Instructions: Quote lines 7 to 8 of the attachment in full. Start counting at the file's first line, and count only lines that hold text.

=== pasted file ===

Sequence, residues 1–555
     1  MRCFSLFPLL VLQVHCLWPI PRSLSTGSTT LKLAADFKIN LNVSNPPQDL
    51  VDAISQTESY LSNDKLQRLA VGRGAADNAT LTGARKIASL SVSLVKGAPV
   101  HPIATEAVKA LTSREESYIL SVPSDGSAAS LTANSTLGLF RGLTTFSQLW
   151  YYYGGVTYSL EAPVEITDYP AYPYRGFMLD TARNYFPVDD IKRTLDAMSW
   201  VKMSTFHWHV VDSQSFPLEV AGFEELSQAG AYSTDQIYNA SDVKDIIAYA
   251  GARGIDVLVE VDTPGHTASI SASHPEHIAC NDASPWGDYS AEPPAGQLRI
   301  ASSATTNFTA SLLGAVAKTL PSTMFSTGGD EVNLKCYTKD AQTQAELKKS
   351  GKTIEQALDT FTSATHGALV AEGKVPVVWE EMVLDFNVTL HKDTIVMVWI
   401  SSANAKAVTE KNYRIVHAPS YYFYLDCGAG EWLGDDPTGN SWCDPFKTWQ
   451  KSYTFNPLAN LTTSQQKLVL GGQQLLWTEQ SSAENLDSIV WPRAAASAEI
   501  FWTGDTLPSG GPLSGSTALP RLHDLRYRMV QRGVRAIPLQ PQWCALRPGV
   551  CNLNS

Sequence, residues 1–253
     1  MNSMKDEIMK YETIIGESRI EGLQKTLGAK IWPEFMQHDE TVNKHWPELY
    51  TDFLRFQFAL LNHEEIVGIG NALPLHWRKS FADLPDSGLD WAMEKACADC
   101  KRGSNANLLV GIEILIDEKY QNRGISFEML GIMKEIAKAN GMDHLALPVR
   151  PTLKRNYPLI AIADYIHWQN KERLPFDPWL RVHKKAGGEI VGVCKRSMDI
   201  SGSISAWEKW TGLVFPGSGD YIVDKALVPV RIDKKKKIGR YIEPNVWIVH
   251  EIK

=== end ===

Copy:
   251  GARGIDVLVE VDTPGHTASI SASHPEHIAC NDASPWGDYS AEPPAGQLRI
   301  ASSATTNFTA SLLGAVAKTL PSTMFSTGGD EVNLKCYTKD AQTQAELKKS